- 1 physically or mentally ill a sick child Her mother's very sick. Peter has been off sick (= away from work because he is ill) for two weeks. Emma has just called in sick (= telephoned to say she will not be coming to work because she is ill). (British English) Britain's workers went sick (= did not go to work because they were ill) for a record number of days last year. (North American English) I can't afford to get sick (= become ill). CollocationsIllnessesBecoming ill catch a cold/an infectious disease/the flu/(British English) flu/pneumonia/a virus/(informal) a bug get (British English) ill/(North American English) sick/a disease/AIDS/breast cancer/a cold/the flu/(British English) flu/a migraine come down with a cold/the flu/(British English) flu contract a deadly disease/a serious illness/HIV/AIDS be infected with a virus/a parasite/HIV develop cancer/diabetes/a rash/an ulcer/symptoms of hepatitis have a heart attack/a stroke provoke/trigger/produce an allergic reaction block/burst/rupture a blood vessel damage/sever a nerve/an artery/a tendonBeing ill feel (British English) ill/sick/nauseous/queasy be running (British English) a temperature/(North American English) a fever have a head cold/diabetes/heart disease/lung cancer/a headache/(British English) a high temperature/(North American English) a fever suffer from asthma/malnutrition/frequent headaches/bouts of depression/a mental disorder be laid up with/ (British English) be in bed with a cold/the flu/(British English) flu/a migraine nurse a cold/a headache/a hangover battle/fight cancer/depression/addiction/alcoholismTreatments examine a patient diagnose a condition/disease/disorder be diagnosed with cancer/diabetes/schizophrenia prescribe/be given/be on/take drugs/medicine/medication/pills/painkillers/antibiotics treat somebody for cancer/depression/shock have/undergo an examination/an operation/surgery/a kidney transplant/therapy/chemotherapy/treatment for cancer have/be given an injection/(British English) a flu jab/(North American English) a flu shot/a blood transfusion/a scan/an X-ray cure a disease/an ailment/cancer/a headache/a patient prevent the spread of disease/further outbreaks/damage to the lungs be vaccinated against the flu/(British English) flu/the measles/(British English) measles/polio/smallpox enhance/boost/confer/build immunity to a disease See related entries: Poor health, Being ill wanting to vomit
- 2 [not usually before noun] feeling that you want to vomit Mum, I feel sick! If you eat any more cake you'll make yourself sick. a sick feeling in your stomach -sick
- 3(in compounds) feeling sick as a result of travelling on a ship, plane, etc. seasick airsick carsick travel-sick See related entries: Plane travel bored
- 4 (informal) bored with or annoyed about something that has been happening for a long time, and wanting it to stop sick of somebody/something I'm sick of the way you've treated me. I'm sick and tired of your moaning. I'm sick to death of all of you! We are getting heartily sick of your attitude. sick of doing something We're sick of waiting around like this. cruel/strange
- 5(informal) (especially of humour) dealing with suffering, disease or death in a cruel way that some people think is offensive a sick joke That's really sick.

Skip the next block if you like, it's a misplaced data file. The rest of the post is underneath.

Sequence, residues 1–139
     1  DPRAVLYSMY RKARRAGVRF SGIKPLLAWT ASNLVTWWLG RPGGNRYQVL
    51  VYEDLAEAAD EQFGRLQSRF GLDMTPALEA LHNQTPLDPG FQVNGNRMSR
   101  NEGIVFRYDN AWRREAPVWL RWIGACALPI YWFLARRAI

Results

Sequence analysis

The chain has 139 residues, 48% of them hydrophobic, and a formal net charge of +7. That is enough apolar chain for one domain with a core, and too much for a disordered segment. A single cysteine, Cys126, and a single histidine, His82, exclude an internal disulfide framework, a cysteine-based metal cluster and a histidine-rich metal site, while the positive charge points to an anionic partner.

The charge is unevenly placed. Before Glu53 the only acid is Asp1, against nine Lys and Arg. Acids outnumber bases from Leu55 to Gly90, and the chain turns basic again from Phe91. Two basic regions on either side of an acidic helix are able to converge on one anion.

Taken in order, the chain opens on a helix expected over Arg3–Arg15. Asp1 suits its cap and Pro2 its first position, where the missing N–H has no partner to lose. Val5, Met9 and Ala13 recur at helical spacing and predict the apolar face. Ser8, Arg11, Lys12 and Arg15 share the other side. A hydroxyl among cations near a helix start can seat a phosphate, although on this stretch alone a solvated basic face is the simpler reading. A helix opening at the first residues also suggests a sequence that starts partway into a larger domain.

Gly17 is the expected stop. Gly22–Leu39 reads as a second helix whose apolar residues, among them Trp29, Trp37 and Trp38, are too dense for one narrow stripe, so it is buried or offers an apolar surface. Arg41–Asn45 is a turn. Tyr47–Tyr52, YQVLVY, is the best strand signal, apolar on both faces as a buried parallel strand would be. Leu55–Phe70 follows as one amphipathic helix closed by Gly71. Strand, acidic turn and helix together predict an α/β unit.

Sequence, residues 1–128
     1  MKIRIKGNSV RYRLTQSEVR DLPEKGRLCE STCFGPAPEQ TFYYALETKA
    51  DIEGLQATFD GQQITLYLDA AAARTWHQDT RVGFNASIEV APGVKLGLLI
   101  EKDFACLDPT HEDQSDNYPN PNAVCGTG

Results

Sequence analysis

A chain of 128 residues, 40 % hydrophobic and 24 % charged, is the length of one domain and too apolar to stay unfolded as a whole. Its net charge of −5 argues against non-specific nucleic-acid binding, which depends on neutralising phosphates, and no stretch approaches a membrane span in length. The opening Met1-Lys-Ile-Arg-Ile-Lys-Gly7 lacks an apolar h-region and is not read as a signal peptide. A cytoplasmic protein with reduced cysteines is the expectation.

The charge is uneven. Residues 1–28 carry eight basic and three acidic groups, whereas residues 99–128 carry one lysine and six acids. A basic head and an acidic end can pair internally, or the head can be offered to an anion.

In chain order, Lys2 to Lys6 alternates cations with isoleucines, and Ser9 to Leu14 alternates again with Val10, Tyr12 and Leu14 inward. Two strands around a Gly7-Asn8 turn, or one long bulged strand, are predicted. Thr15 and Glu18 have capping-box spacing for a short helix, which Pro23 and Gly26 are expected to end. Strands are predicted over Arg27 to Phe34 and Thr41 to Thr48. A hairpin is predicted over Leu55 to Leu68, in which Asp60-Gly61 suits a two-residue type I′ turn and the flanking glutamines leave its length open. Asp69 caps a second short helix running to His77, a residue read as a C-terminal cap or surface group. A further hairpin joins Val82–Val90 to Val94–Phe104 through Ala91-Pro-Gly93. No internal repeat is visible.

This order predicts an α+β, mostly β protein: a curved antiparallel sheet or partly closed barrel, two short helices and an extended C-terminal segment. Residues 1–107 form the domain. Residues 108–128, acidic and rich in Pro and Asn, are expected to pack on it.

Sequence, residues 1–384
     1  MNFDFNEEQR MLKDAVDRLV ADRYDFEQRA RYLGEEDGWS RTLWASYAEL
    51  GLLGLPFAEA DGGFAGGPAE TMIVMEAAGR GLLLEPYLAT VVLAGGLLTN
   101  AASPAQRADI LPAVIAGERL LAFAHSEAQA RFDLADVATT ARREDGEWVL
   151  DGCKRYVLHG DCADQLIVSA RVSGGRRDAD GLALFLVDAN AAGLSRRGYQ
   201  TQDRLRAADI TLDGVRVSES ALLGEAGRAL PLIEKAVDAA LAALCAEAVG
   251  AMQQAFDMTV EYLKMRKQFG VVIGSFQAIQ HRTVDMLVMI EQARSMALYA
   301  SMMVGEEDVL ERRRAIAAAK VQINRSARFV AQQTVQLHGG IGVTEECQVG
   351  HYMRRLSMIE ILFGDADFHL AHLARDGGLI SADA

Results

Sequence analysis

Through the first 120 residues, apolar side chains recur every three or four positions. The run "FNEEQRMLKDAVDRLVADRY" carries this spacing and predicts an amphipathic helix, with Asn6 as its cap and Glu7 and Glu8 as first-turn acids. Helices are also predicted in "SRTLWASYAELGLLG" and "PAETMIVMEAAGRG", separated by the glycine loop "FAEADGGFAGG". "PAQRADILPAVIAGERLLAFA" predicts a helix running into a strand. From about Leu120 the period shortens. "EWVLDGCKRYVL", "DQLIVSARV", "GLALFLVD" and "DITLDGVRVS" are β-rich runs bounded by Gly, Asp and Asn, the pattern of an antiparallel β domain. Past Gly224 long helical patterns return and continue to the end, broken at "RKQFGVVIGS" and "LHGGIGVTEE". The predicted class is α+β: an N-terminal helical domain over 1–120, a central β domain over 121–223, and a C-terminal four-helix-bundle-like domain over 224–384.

- 6(informal) getting enjoyment from doing strange or cruel things a sick mind People think I'm sick for having a rat as a pet. We live in a sick society. good
- 7(slang) very good, enjoyable, etc. I love that song—it’s sick! see also homesick, lovesick Word Origin Old English sēoc ‘affected by illness’, of Germanic origin; related to Dutch ziek and German siech.Extra examples Every time I think about it I feel physically sick. He fell sick with yellow fever. He leaned sideways and was violently sick. He was getting heartily sick of all the false sympathy. Her attitude makes me sick. I feel sick to my stomach just thinking about it. I get sick if I sit in the back seat. I’m getting sick of all these delays. I’m getting sick of you leaving things in a mess. If you eat all that chocolate it’ll make you sick. It was pretty sick humour, I thought. John’s not in the office today, he’s off sick. Laura felt almost sick with embarrassment. Mum, I feel sick! She was afraid she would get sick if she stayed in that place any longer. She was getting a bit sick of his moaning. She was sick with cancer. The home has 20 chronically sick and disabled residents. The house has accommodation for up to 60 chronically sick or disabled residents. The workers got sick from radiation exposure. Whoever started the fire must be sick in the head. You’re really sick, you know that? a very sick woman in the next bed Don’t ask a babysitter to look after a sick child. Emma has just called in sick. Her mother’s very sick. I had a sick feeling in my stomach. If you eat any more cake you’ll make yourself sick. Peter has been off sick. Whenever I think about my exams I feel physically sick.Idioms (especially British English) to bring food from your stomach back out through your mouth synonym vomit I was sick three times in the night. She had been violently sick. to be extremely worried Where have you been? I've been worried sick about you. She was worrying herself sick about the exams. (formal) to become ill/sick A week later he fell sick and died. to make somebody angry or disgusted His hypocrisy makes me sick. See related entries: Anger (informal) feeling very ill/sick; vomiting a lot (British English, humorous) very disappointed See related entries: Unhappiness (formal) very unhappy or disappointed See related entries: Unhappiness
- 1feeling very angry or worried Nora turned sick to her stomach on hearing this news.
- 2(North American English) feeling that you want to vomit